Some of Israel’s best American Jewish friends are worried about Netanyahu’s promise to annex the West Bank

Rep. Ted Deutch walks up the House steps, March 22, 2018. The Florida Democrat co-signed a statement with other pro-Israel Democrats to Prime Minister Benjamin Netanyahu expressing concern over the possibility of Israel’s annexation of the West Bank. (Bill Clark/CQ Roll Call)

by Ron Kampeas

WASHINGTON (JTA) — The warning came Friday afternoon (April 12) in Israel just as Benjamin Netanyahu was savoring his re-election victory: Don’t make good on your pledge to annex West Bank territory.

The prime minister was taking a congratulatory call from his defeated rival, Blue and White party leader Benny Gantz, when the messages were issued at nearly the same time from three corners of the U.S. Jewish community. Who knows if Netanyahu cared about or even knew about the shots across the bow from the friendly figures he has hosted on countless occasions in his office during his decade in power.

But each warning was clear and unmistakable: Annex the West Bank at the peril of U.S. support for Israel.

One came from four of Israel’s staunchest congressional supporters — Reps. Eliot Engel and Nita Lowey, both D-N.Y., Ted Deutch, D-Fla., and Brad Schneider, D-Ill. Another was from Jewish groups who represent the plurality of U.S. Jews, including five representing the Reform and Conservative movements. And another was from Alan Dershowitz, the constitutional scholar whose other brand is defending Israel.

In what appears to be an unprecedented plea, establishment Jewish groups were imploring a U.S. president to restrain an Israeli prime minister. A letter to President Donald Trump released by nine groups to the Jewish Telegraphic Agency said that annexing parts of the West Bank, as Netanyahu pledged on the eve of the election, “will lead to greater conflict between Israelis and Palestinians, severely undermine, if not entirely eradicate, the successful security coordination between the State of Israel and the Palestinian Authority, and galvanize efforts such as the Boycott, Divestment, and Sanctions movement that are intended to isolate and delegitimize Israel.”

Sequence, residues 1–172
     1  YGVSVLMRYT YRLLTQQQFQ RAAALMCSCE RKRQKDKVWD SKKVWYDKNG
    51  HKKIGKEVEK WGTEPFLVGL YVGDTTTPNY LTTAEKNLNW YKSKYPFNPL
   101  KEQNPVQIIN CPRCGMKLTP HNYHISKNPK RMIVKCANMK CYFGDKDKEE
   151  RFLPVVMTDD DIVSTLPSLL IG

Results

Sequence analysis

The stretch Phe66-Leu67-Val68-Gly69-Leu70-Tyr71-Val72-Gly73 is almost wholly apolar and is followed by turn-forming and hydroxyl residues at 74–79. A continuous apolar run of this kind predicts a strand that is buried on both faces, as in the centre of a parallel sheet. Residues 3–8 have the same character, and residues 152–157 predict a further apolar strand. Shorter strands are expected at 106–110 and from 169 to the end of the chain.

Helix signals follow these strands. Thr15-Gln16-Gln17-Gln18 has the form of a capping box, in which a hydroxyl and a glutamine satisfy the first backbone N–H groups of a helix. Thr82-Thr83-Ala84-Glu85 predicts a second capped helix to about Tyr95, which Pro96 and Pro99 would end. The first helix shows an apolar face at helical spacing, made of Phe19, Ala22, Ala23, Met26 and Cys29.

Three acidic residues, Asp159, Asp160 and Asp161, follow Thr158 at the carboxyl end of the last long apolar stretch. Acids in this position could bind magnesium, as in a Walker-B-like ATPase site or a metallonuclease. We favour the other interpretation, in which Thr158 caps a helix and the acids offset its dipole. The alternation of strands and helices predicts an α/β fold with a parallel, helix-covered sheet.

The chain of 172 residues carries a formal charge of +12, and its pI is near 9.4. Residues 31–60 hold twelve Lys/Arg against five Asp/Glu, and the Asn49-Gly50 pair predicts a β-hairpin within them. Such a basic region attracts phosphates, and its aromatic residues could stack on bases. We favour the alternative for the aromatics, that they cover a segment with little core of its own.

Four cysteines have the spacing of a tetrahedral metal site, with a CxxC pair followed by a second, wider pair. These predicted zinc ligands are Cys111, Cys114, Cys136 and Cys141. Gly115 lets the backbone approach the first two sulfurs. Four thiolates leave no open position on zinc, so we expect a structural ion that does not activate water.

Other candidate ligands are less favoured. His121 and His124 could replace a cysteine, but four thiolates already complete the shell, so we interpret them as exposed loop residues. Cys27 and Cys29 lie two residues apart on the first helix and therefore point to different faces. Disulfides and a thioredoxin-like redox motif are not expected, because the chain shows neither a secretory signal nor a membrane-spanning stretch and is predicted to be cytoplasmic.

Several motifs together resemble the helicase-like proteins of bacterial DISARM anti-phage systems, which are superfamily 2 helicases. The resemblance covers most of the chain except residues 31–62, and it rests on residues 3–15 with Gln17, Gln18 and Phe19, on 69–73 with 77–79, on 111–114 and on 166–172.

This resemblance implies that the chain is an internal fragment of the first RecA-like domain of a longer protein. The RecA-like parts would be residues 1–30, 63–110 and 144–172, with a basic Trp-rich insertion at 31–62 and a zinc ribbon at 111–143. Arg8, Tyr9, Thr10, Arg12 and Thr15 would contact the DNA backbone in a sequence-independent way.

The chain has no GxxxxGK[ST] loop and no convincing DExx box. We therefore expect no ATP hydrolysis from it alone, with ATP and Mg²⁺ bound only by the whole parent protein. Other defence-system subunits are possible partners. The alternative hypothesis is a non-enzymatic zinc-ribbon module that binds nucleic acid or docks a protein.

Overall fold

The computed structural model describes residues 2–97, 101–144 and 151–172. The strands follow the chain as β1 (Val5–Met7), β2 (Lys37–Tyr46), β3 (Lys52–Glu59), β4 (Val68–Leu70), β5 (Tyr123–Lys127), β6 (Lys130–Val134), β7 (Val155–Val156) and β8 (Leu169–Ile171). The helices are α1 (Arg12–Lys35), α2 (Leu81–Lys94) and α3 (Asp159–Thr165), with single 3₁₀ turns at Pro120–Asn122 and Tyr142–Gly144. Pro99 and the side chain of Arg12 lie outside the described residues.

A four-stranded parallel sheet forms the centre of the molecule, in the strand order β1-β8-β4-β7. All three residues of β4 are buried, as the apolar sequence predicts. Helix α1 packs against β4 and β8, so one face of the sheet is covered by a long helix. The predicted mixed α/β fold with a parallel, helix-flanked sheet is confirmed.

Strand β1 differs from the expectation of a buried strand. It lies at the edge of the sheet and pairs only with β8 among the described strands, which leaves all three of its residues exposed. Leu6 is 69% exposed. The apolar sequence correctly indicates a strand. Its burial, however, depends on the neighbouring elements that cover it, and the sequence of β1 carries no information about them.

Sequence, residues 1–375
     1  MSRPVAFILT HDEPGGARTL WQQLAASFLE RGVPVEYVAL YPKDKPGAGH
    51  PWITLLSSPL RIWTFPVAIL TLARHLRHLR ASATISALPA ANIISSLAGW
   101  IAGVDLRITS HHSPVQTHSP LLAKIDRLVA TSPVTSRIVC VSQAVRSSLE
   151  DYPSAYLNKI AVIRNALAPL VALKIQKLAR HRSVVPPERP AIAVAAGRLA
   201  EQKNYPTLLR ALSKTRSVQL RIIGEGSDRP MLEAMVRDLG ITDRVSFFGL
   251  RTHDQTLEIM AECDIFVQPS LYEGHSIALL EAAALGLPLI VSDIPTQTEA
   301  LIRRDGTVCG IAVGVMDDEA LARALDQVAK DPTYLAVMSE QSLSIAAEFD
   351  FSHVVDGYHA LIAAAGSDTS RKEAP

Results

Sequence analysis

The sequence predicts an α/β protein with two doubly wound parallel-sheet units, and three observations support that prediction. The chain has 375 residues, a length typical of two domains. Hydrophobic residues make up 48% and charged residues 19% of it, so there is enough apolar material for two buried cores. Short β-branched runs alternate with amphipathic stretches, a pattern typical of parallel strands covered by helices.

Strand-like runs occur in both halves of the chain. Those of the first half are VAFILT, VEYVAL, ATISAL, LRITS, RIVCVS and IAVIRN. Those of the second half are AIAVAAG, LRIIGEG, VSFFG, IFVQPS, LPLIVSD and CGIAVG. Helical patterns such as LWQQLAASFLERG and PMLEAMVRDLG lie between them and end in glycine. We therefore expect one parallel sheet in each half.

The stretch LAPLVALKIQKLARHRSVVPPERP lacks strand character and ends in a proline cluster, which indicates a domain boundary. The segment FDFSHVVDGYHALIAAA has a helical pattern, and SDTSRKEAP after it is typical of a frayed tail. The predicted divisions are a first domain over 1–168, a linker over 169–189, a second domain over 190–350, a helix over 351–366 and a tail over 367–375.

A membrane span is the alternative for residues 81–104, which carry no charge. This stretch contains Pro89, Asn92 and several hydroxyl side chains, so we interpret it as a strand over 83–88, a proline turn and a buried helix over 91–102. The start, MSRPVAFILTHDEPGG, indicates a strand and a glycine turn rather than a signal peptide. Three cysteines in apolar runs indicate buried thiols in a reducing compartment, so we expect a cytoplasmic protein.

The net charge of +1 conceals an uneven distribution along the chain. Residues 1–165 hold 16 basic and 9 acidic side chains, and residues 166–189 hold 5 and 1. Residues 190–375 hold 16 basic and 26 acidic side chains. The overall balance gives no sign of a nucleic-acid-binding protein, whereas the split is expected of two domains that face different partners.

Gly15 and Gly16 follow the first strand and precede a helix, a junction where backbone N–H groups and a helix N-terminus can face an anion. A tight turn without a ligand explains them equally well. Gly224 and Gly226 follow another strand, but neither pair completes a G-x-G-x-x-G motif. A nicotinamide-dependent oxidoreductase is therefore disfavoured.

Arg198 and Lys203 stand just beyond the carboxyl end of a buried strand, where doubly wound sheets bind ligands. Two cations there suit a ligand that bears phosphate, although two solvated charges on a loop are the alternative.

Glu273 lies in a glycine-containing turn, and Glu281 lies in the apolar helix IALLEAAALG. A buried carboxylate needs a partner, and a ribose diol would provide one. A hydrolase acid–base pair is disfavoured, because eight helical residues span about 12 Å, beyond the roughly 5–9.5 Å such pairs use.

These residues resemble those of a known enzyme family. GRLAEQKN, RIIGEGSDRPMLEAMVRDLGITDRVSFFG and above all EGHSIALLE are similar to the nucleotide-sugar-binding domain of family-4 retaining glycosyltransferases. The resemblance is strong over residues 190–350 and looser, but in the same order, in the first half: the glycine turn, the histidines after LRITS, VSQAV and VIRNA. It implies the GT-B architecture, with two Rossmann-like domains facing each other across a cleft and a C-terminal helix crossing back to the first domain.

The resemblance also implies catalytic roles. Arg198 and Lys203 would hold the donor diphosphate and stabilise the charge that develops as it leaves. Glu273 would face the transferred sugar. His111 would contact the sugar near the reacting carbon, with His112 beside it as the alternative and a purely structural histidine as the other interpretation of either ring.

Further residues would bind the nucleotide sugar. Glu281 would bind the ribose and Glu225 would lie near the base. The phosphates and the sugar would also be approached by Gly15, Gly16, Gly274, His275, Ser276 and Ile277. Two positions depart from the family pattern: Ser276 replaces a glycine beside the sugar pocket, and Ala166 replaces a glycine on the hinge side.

The warning that annexing territory would “create intense divisions” in the United States was significant coming from the leadership of the two largest religious streams in the United States, with a combined membership that would constitute an overwhelming majority of synagogue-going Jewish Americans. Signing the letter were the Central Conference of American Rabbis and the Union for Reform Judaism, affiliated with the Reform movement; and the United Synagogue of Conservative Judaism, its Rabbinical Assembly, and Mercaz, the Conservative movement’s Zionist affiliate.

The other four signatories are the Anti-Defamation League, the lead Jewish civil rights advocacy group; Ameinu, a liberal Zionist group; the National Council of Jewish Women; and the Israel Policy Forum, a group focused on reaching a two-state solution. All but IPF are members of the Conference of Presidents of Major American Jewish Organizations, the main umbrella group.

The ADL’s inclusion represents a significant tonal shift in the organization since Jonathan Greenblatt took over as CEO from Abraham Foxman four years ago. Foxman’s credo was to defer to Israel on security matters. Greenblatt in an interview said he wanted to wait until the dust settled before pronouncing further on the issue.

“We continue to believe in the two-state solution,” he said. “A lot of statements are made in the course of the campaign. We’ll see, as the prime minister attempts to build a coalition, how he proceeds on this issue.”

The letter warned that annexing territory will “make unwavering support for Israel and its security far more difficult to maintain,” noting that it could shake the pro-Israel consensus in the United States already under strain.

It’s a concern rattling pro-Israel Jewish Democrats and was evident in the separate statement, released at virtually the same early-morning hour, by the four members of the U.S. House of Representatives who are closest to the American Israel Public Affairs Committee.

“As strong, life-long supporters of Israel, a U.S.-Israel relationship rooted in our shared values, and the two-state solution, we are greatly concerned by the possibility of Israel taking unilateral steps to annex the West Bank,” said the statement by Engel, Lowey, Deutch and Schneider.

The four routinely attend AIPAC conferences and have split with their party in the past to favor AIPAC positions, including in 2015, when each of them opposed the Iran nuclear deal. Three of the four hold senior positions in the House caucus: Engel chairs the Foreign Affairs Committee, Lowey chairs the Appropriations Committee and Deutch chairs the Middle East subcommittee. Engel and Lowey spoke together at last month’s AIPAC policy conference, their appearance a signal of continued support for Israel within the Democratic Party.